The "Super Six World Boxing Classic" features two reigning super middleweight champions, a reigning middleweight champion and a former middleweight champion. The man who will ultimately win it, however, is one who has hardly faced a serious challenge in his five years as a pro and is moving up to the 168-pound class from middleweight.
Andre Ward, the 2004 Olympic gold medalist, is the most skilled fighter in the field. He'll prove that and establish himself as the top super middleweight in the world by coming out on top of the tournament, which will take nearly a year and a half to complete.
Ward will be joined by fellow unbeaten prospect Andre Dirrell, World Boxing Council super middleweight champion Carl Froch, World Boxing Association champion Mikkel Kessler and ex-middleweight champions Arthur Abraham and Jermain Taylor. Abraham was the reigning International Boxing Federation 160-pound champion, but surrendered his belt to join the elite field.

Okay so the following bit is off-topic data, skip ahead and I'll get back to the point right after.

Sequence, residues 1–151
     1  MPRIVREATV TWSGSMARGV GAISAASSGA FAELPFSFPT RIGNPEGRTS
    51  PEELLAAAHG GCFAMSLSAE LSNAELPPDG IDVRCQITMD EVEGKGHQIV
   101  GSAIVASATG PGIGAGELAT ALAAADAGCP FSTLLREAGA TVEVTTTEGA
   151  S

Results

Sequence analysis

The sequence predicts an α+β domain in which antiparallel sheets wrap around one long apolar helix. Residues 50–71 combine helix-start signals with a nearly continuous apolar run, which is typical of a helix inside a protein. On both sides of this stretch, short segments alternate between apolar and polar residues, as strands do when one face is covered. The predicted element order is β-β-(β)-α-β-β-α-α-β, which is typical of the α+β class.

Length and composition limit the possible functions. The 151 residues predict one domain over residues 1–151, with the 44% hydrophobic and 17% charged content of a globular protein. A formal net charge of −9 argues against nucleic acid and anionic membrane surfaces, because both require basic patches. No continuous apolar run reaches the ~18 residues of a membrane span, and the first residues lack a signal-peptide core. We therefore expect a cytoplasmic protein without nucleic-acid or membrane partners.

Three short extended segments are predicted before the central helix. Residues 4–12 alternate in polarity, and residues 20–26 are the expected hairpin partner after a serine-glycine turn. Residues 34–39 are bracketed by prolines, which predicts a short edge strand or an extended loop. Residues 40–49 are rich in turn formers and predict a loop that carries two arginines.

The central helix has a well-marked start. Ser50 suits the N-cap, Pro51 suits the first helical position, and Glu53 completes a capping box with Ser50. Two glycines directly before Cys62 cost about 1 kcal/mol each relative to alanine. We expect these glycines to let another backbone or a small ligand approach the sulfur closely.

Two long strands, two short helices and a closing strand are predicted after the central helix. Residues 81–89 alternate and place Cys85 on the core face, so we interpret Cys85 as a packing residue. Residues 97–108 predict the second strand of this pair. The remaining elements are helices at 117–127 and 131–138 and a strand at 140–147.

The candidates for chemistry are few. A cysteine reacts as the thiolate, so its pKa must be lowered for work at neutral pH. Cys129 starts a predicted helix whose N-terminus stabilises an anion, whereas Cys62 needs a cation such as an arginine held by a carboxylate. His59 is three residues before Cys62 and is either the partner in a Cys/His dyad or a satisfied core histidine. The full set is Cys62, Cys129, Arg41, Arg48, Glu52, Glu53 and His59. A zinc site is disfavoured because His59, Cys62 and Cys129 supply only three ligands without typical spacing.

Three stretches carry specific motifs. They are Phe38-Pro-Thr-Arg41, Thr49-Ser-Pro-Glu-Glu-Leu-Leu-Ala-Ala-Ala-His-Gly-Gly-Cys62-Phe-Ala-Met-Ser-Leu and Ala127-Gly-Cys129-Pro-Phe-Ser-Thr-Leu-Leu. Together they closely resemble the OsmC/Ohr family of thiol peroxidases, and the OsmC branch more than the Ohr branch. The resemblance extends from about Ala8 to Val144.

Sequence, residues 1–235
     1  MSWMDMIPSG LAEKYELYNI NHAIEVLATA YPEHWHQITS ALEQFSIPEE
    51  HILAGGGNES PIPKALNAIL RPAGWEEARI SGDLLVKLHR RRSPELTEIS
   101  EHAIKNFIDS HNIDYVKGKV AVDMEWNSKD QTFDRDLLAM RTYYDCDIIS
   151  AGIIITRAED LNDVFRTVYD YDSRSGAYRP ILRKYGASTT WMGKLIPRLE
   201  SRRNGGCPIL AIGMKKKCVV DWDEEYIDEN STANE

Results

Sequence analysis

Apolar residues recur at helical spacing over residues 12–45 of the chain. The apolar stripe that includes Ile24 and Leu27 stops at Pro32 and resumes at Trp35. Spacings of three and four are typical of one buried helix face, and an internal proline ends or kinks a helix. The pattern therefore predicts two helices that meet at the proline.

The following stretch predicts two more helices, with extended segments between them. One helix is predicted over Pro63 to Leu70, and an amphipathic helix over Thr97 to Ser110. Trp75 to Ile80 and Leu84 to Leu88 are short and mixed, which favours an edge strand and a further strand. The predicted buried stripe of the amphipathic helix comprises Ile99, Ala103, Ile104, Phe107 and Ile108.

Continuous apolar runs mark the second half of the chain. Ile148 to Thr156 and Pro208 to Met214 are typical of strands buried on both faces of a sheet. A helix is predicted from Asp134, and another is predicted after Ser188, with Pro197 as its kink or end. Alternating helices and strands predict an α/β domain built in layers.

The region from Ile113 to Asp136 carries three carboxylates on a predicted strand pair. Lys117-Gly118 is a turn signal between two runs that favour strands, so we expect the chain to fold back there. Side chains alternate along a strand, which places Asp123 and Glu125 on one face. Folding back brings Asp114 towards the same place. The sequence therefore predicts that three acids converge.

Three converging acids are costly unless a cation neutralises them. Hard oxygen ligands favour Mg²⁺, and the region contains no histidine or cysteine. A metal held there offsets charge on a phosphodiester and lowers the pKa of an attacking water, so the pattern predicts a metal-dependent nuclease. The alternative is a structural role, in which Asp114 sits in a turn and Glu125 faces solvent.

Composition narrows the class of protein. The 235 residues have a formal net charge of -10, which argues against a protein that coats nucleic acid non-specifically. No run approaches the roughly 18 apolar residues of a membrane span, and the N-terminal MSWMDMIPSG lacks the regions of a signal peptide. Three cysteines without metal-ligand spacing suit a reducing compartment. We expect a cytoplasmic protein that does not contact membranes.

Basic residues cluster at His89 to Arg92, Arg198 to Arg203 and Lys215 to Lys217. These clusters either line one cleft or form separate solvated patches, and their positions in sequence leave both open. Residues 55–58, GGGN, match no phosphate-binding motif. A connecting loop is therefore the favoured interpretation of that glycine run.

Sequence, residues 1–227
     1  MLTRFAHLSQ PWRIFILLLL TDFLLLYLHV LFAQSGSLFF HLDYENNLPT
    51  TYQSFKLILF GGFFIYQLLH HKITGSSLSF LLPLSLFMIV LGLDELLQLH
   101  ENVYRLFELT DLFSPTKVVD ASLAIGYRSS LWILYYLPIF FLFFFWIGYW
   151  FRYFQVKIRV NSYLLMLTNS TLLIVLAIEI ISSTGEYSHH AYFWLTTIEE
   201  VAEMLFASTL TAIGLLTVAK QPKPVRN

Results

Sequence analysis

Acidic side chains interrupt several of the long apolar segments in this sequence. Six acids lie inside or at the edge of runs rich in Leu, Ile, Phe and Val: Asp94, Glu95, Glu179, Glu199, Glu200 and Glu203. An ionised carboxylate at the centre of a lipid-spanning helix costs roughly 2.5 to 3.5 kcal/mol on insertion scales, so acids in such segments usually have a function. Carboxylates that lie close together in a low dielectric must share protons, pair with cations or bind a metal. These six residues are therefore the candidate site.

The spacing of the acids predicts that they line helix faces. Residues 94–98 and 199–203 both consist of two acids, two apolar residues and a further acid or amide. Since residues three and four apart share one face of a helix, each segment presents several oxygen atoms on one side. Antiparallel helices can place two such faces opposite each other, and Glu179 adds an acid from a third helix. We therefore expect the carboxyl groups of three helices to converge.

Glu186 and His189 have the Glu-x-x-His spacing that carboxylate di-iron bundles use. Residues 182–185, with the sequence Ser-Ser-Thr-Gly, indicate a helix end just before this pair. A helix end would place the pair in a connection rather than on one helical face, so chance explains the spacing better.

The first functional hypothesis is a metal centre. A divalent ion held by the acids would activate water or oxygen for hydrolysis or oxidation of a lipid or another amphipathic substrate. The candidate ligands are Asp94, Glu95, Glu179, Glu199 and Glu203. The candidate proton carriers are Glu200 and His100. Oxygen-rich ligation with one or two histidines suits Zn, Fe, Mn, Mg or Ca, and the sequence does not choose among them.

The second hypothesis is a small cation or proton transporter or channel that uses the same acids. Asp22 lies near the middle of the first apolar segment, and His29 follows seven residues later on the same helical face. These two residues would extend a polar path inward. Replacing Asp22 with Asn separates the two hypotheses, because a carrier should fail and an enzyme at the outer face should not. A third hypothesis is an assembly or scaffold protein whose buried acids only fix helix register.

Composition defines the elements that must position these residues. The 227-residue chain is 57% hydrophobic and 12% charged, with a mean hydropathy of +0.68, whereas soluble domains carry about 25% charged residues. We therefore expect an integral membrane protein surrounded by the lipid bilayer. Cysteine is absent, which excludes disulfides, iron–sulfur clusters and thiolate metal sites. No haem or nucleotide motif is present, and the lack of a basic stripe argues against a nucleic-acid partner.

Kessler has the most impressive record of the bunch and has been a borderline top 10 pound-for-pound member. His only loss was in a 2007 super middleweight title unification bout with Joe Calzaghe in Wales.
Kessler will be a formidable foe and will, coincidentally, be Ward's first-round foe when the tournament kicks off in the fall. Dates have not been set, though fights will take place in Europe and USA.
Ward, though, is quick enough to cause Kessler problems and strong enough to hurt him if Kessler is able to turn the fight into a slugfest.
Abraham figures to be Ward's most difficult challenge in the field. He's is the kind of fighter who will rise to the occasion, and he'll find a way to pull this out.
The first round will be a round robin with fighters earning two points for a win and a point for a draw. They'll also earn an additional point for stopping their opponent. Each boxer will face three men in the first round, with the top four scorers advancing to the semifinals.
The winners of the semifinal bouts will then move on to the finals.